Are you in a rut? Do you need help reaching a goal?
It is time, my friend: time to seek a synergistic relationship: a life coach.
That’s right, despite the giant question mark that people pose when they hear the name, life coaching is actually a legitimate career. The position is built around potential: finding it, applying it and reaching the peak of it.
So how do you earn the right to boss around corporate businessmen and anyone undergoing a mid-life crisis?
First things first. You have to have your life together.
Remember that small issue that always weighs on your conscience? That can’t be there. In order to provide the best for your clients, you yourself have to be in some of the best mental shape of your life. It sounds difficult, but most of us get there someday.
So when that occurs, then it’s time to learn. Books, masters courses, certifications, programs: They all play a vital role in prepping you for the position you’re about to play in someone else’s life.
From there, it’s all about perfecting your practice. Maybe you have a friend that could use a little motivating; you try out your newly refined skills on them and it works. Voila, you are on your way to becoming a life coach.
However, none of this happens overnight. These credentials take some serious time to rack up.
The International Coaching Federation (IFC) heads the industry by offering some of the highest quality training. Because many people choose this career as an adult and typically have other day jobs, earning the certification can take anywhere between six months to several years depending on how fast paced you are. Between 125-300 hours are required, specified by each program. It also isn’t cheap. Tuition must be taken into account when thinking about becoming a coach. Are you willing to spend $7,000-$15,000?
By now you might be iffy about the career, so let’s talk salary.
Life coaches charge anywhere between $100-$300 an hour. Executive life coaches, the kind that work with teams and businesses start around $500 an hour and can earn up to $10,000 per month.
But there are also non-monetary benefits too.
Helping others typically ends up helping you. You feel good, think more clearly, are more self-aware and can make wiser decisions.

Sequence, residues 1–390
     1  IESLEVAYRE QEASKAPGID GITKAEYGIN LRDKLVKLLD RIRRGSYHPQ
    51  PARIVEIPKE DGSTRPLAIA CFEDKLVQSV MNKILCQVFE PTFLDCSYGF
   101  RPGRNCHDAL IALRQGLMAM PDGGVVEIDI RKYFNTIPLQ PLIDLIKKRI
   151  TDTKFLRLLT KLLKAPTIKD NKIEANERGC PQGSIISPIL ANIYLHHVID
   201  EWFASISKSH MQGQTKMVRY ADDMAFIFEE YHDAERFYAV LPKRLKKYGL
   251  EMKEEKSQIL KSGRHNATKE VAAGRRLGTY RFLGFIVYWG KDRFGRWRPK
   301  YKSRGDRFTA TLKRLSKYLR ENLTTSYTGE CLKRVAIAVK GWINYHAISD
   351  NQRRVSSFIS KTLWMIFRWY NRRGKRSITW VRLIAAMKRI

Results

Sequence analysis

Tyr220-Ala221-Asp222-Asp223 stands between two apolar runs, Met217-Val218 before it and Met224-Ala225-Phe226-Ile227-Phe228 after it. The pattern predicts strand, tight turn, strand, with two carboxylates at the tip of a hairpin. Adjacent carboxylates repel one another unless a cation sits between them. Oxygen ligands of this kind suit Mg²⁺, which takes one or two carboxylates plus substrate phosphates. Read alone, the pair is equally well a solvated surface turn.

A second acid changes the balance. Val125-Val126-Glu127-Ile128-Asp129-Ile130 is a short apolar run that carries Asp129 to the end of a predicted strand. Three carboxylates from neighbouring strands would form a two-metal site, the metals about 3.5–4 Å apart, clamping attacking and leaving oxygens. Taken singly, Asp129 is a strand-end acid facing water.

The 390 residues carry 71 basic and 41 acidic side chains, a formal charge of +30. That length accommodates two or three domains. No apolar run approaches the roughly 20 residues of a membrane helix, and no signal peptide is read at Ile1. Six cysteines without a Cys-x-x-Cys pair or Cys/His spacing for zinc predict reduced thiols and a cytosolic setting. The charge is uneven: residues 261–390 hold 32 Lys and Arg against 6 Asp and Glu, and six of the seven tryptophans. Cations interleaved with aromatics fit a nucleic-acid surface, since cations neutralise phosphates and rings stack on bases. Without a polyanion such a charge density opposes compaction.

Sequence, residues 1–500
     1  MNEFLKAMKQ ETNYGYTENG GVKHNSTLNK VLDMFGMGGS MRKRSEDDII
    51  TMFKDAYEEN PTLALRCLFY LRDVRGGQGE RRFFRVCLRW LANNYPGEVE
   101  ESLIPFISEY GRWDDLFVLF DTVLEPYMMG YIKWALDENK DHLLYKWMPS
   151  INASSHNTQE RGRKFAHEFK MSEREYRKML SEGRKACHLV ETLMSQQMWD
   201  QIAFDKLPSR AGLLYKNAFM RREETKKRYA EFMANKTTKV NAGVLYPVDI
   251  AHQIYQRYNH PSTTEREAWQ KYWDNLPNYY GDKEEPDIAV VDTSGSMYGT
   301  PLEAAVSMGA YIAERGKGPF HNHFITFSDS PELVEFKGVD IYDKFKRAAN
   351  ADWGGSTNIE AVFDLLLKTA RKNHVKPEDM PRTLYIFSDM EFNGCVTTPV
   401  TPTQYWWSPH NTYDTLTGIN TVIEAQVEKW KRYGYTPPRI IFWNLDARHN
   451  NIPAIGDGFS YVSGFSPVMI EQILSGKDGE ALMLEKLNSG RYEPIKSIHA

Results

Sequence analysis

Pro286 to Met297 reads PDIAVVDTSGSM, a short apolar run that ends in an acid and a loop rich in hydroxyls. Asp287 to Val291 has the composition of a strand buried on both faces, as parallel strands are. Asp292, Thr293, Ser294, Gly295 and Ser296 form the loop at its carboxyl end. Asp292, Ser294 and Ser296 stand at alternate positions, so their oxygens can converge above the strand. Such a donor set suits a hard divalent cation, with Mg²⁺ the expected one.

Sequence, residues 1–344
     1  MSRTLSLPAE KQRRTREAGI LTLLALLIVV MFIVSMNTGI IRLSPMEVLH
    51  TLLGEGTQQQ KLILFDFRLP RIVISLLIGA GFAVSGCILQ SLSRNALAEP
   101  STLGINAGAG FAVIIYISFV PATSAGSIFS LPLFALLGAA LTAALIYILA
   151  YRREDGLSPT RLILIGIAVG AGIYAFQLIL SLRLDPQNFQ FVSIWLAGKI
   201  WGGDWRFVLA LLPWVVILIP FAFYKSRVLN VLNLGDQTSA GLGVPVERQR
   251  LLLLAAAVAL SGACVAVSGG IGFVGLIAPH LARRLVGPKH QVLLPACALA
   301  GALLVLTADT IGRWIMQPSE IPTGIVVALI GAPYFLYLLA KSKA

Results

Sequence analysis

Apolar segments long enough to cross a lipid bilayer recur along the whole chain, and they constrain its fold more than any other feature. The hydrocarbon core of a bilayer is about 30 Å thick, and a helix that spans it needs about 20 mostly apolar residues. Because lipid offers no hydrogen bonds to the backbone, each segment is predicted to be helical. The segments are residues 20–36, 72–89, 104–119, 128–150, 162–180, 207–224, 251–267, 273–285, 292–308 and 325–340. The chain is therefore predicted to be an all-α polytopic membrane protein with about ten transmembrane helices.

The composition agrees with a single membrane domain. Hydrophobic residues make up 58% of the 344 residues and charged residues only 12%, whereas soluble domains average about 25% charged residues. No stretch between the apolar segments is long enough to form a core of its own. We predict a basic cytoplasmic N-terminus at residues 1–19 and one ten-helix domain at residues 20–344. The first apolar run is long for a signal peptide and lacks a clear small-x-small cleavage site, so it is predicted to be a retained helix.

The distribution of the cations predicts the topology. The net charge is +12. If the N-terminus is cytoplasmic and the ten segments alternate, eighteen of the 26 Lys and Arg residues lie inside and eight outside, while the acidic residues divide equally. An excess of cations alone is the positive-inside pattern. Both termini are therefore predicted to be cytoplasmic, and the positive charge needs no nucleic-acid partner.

Being someone else’s life coach is similar to being your own. You learn to take your own advice while also recommending positive approaches to someone else.
The typical session in a day of the life of a coach lasts between 30-60 minutes (via phone or Skype.) These arrangements can happen once a week or once a month—which, not to mention, is a pretty sweet deal. A second career that lets you work from home or virtually anywhere?
For someone who loves to travel, this is ideal. After all, with all the benefits of hiring a coach, such as, motivation, clarity, awareness and energy, you’re really getting some bang for your buck.
Perhaps you’re in a transitional period in your life. You’ve just moved to a new town with no familiar places. You’ve graduated college and don’t know where to go. You’ve ended a long-term relationship and need some help directing your focus forward. These are all common scenarios in which life coaches can be helpful, amongst a variety of others. From the office to the homestead, advice and encouragement will be provided.
Students, take advantage of this opportunity. You should not only weigh the decision to seek out a coach if you need one, but also consider the idea of becoming one yourself. Whether now or later, the certification will always come in handy. If you’re studying psychology in school (which is about half of you) or counseling, maybe this is the right path for you.
What’s nice about becoming a life coach is that you can work at your own will. Most of these folks work privately and build a clientele as they go. So if you ever come across a new opportunity for a job, don’t sweat it. Put coaching on hold and move along your merry way. You have the ability to work as much or as little as you prefer which only adds to the appeal.
Now that you’re more in the loop about life coaching, hopefully you give it some credit. As a coach, you have to interview clients, learn their work and life habits, formulate plans and try strategies that may or may not work for them. You are simply passing along confidence and incentive to not only work harder, but actually enjoy yourself while doing it.